What does Earth Day mean?
Pardon my rambling; I just have some thoughts on the environmental movement on the 41st anniversary of Earth Day that I want to share with you. There’s a homework assignment at the end. Don’t worry, only the fate of our civilization depends on the answers. You will be graded.
In many ways the movement has come a long way: rivers don’t catch on fire; the manufacture of ozone depleting chemicals have been stopped; coal plants are often required to use the “Best available control technology” to reduce air pollution; CAFE standards were implemented to improve gas millage. Most companies at least pretend to be “Green” and some actually take it seriously. Google is investing in renewable energy and GM and Nissan are building electric powered cars. Teaching about the environment is now part of most schools’ curriculum and recycling is common in many places. So we have accomplished much. Give yourselves a pat on the back.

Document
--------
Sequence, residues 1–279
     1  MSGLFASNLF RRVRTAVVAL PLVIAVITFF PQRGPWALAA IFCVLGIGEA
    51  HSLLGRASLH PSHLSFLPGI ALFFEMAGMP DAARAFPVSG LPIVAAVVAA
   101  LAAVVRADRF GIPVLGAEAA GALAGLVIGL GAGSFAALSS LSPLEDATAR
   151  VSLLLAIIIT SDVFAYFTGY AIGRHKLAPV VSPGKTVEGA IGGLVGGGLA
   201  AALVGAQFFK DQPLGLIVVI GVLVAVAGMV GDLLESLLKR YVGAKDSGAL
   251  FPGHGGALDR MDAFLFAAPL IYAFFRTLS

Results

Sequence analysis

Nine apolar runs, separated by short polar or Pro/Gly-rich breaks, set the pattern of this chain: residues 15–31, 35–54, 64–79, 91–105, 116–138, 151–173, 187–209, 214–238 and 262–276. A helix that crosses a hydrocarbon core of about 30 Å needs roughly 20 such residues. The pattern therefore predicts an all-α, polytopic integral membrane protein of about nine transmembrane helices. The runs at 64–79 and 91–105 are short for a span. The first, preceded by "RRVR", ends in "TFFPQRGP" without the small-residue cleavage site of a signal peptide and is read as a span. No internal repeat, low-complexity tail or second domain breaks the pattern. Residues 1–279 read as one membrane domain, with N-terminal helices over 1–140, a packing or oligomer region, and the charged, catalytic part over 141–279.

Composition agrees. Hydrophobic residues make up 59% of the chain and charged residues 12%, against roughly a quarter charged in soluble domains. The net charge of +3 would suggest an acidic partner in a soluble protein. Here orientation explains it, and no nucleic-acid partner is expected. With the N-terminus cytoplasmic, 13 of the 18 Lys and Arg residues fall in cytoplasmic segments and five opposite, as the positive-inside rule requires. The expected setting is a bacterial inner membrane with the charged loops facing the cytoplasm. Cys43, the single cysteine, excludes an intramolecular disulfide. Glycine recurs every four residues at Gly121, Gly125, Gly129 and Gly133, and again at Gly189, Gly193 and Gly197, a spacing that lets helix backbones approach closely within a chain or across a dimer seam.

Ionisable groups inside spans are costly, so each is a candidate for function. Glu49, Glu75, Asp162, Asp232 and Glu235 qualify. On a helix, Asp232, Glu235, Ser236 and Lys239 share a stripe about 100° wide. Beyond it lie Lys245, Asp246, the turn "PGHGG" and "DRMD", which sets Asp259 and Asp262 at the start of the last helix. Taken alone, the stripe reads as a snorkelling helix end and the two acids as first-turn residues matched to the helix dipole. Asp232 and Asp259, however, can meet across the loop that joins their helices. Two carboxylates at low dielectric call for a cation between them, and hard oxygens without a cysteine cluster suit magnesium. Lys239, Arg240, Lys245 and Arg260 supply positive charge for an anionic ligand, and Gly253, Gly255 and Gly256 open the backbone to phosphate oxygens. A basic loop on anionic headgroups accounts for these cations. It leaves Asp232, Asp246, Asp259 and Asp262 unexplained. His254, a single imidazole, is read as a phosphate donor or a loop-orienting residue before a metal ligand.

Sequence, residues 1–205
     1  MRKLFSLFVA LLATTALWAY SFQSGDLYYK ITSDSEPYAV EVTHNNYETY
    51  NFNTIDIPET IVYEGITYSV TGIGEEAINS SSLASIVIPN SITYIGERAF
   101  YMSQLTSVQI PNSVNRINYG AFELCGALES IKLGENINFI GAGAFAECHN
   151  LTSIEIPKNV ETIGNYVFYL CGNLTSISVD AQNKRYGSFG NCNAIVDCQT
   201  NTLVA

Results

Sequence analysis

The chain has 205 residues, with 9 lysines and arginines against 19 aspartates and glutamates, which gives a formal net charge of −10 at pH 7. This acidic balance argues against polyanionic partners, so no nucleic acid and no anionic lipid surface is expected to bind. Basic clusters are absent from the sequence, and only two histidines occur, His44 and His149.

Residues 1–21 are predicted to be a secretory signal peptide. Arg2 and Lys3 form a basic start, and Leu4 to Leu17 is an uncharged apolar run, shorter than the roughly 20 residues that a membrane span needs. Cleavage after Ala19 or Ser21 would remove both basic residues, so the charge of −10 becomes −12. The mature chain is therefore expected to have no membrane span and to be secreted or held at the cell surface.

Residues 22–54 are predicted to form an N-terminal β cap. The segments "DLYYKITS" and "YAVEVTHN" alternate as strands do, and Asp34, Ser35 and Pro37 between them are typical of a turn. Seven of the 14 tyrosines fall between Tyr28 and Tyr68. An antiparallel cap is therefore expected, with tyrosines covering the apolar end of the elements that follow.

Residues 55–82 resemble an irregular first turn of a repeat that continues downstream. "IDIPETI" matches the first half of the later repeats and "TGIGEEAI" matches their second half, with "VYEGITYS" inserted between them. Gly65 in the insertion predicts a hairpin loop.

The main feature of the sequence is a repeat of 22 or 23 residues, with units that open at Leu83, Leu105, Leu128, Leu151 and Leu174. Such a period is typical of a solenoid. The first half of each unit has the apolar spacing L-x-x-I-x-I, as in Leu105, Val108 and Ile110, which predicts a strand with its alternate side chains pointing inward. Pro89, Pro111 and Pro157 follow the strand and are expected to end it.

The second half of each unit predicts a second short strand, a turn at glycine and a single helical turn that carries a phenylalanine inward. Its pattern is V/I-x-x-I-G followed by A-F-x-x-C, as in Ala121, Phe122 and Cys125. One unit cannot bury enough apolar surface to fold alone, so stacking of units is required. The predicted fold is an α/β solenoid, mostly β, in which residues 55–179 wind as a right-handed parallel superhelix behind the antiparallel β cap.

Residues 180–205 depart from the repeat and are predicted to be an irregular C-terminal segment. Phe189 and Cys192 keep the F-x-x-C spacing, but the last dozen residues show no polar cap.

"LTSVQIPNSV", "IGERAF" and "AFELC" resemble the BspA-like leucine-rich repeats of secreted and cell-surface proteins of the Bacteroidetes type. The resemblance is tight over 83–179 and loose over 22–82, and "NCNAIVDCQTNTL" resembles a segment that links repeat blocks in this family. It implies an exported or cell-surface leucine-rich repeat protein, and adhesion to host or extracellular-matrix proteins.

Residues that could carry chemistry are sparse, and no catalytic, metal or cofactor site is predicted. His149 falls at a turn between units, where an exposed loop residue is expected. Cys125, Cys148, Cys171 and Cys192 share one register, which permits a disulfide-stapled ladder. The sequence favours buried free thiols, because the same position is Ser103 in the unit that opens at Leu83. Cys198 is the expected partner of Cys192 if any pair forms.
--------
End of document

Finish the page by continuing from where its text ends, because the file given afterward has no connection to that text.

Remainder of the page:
The early days were about collective action such as the Clean Water Act (passed in 1972) and the Clean Air Act (passed in 1970). The last major new law passed was ratification of the Montreal Protocol to deal with Ozone depleting gases, which was negotiated and signed by George Herbert Walker Bush. There have been updates to the Clean Air and Water Acts and tightening of CAFE standards and other tweaks, but no new major initiatives. This would be acceptable if there were no big environmental challenges remaining. Obviously that is not the case. So far Congress has taken no action to deal with climate change. To the contrary, the moderate first steps the Obama administration is taking under the authority of the Clean Air Act are under constant threat by Congress. Read more